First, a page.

She said promoting a culture that does not tolerate sexual assault would require “putting steps together of what does it actually mean to respect somebody, and get to know somebody, and have these conversations that foster a healthy relationship instead of one that could lead down a potentially negative path, for both parties.”
Echoing that idea, Abby Palko, associate director of the Gender Studies program, said because faculty and administration are not present in situations where sexual assaults are more likely to happen, change must come from students — with help.
“My hope is that you all who are here now as students are able to create the kind of campus culture you want to be in, and that is healthy for everyone, and that is a space where people can flourish and grow,” she said. “There are supports that the administration can put in place, but a lot of it has to come from students deciding what’s acceptable and what’s not acceptable. And the faculty are here to support you. In some ways it sounds silly, but we’re almost completely powerless here.
“We can advocate for change to the rules, we can advocate for accountability, but we don’t actually create that. And we’re not at the parties with you, and we’re not there to say, ‘Hey, do you really want that seventh drink?’ or “You two don’t really look like you know what’s going on right now, maybe you should separate.’ We’re not there to do that. It feels like all we can do is say, ‘Yes, we’re behind you,’ as you work to bring about this change, and there are lots of faculty who want to do that.”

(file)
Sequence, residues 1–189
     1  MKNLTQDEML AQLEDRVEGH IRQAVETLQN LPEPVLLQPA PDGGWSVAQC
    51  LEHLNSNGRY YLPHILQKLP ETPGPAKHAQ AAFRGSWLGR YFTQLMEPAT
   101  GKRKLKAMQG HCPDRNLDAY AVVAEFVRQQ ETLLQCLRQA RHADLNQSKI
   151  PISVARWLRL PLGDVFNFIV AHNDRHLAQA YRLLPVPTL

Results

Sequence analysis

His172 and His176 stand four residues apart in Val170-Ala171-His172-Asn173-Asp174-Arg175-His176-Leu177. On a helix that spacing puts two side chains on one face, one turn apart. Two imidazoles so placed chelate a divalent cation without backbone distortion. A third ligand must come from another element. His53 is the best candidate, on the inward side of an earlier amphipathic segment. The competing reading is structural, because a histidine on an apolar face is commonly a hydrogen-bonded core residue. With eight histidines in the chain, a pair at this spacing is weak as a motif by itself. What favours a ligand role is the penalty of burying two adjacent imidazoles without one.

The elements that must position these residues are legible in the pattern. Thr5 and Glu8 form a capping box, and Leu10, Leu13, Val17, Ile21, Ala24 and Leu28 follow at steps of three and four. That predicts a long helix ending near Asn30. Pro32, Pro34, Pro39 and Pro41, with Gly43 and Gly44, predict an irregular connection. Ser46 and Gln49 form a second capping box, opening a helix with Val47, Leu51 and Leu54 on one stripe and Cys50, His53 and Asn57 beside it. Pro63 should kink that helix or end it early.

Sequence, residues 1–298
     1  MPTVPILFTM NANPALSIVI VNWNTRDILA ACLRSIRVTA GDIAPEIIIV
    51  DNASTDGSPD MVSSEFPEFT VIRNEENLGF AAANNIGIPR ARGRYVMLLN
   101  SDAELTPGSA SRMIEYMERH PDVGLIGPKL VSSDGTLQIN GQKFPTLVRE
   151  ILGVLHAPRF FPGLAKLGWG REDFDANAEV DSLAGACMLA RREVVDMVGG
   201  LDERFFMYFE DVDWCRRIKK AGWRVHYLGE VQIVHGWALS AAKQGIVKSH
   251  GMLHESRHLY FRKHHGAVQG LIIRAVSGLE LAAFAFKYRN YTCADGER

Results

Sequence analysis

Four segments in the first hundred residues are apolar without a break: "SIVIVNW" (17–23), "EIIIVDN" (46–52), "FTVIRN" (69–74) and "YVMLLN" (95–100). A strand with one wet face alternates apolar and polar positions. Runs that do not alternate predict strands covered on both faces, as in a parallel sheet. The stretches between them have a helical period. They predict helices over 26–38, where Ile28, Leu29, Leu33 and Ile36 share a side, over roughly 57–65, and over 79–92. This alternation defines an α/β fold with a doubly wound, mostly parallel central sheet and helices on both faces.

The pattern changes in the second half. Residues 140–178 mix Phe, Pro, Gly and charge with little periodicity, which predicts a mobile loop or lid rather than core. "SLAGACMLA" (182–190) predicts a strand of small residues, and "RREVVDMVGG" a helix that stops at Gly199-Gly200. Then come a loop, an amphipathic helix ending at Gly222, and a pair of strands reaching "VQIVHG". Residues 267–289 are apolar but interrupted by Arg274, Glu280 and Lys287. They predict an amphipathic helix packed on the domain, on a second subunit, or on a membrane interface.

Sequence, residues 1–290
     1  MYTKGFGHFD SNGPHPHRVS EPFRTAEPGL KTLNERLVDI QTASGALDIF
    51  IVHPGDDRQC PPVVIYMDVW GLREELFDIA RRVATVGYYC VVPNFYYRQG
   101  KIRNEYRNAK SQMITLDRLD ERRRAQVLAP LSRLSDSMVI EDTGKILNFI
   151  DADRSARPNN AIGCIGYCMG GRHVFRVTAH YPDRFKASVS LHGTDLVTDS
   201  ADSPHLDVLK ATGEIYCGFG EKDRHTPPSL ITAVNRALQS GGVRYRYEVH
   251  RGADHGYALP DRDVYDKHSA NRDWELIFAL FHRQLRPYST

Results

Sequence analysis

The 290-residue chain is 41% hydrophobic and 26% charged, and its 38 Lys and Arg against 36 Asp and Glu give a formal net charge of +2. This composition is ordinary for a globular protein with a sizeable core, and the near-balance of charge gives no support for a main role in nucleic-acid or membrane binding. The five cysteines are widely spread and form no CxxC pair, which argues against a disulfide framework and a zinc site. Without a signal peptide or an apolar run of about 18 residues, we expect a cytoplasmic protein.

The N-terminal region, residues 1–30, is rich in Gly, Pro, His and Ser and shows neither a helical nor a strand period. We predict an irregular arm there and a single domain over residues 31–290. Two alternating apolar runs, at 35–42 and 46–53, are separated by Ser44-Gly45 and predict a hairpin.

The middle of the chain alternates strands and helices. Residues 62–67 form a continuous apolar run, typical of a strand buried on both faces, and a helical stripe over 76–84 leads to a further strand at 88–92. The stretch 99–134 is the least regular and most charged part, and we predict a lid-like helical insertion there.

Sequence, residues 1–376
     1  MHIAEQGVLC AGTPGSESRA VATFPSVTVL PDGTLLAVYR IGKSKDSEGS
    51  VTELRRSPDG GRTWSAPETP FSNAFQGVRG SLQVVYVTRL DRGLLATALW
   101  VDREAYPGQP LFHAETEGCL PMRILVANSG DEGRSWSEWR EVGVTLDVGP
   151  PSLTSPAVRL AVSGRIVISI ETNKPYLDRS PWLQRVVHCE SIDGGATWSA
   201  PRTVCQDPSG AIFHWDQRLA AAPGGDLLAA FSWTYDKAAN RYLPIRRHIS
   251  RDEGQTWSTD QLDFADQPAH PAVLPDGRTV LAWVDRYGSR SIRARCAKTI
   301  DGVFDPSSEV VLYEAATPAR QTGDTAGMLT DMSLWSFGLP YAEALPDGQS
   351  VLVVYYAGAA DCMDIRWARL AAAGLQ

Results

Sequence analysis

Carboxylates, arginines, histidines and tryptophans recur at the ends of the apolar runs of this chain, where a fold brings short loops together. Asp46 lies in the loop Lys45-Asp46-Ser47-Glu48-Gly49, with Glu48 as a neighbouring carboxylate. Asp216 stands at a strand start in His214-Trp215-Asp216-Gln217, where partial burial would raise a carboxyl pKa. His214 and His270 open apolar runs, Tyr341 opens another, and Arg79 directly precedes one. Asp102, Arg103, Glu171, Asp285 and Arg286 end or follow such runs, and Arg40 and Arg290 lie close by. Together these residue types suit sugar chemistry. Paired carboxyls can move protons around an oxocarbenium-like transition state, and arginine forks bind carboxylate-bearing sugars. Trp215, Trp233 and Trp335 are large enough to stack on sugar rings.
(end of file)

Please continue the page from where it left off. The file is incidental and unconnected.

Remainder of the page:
Senior Skyler Hughes, a producer for Loyal Daughters and Sons, said talking candidly about sex and other gender issues would also be a necessary part of the conversation moving forward.
“Being this Catholic, relatively conservative campus, there’s a lot of silence around sex in general,” Hughes said. “And by extension, there can be a lot of silence around sexual assault. I think that there’s been a little bit of a breaking of the silence on that issue — on specifically sexual assault — because people are now willing to talk about that, but people are still very uncomfortable with talking about some of the other issues.
“But these other issues are not unrelated to the issue of sexual assault. When you’ve got different gender dynamics, gender relations, they can contribute to certain power dynamics that can promote a culture that allows sexual assault to happen.”
In the context of a Catholic university, Caron Gebhardt said it is important to realize that the idea of consent is relevant not only in relation to sexual assault but in any acts of physical intimacy.
“So all the ways a Catholic institution would hold firm to our value that sexual activity would remain within the marriage context, we also recognize that there’s layers, levels of sexual activity that occur between our students — and there should be consent at all of those times, in all of those ways,” she said.
From the perspective of preventing sexual violence, Caron Gebhardt said, consent requires looking at how each person in the relationship is being valued.
“It’s really about how each person is being treated with dignity, which is inherently part of who we are a Catholic institution,” she said. “Now I know as students, it’s like, you want to know, ‘Is this consent? Is that not consent?’ because there are procedural questions. But more importantly, what I’ll say to students is, if you can’t talk about it, then how could you possibly do it?
“ … Students are going to make choices, and if they choose to engage at that level of sexual intimacy, that’s fine, but hopefully they’ve laid a ground where if that were to happen, each person would be treated with respect.”
Managing Editor Jack Rooney, Associate News Editors Clare Kossler and Catherine Owers and News Writer Katie Galioto contributed to this story.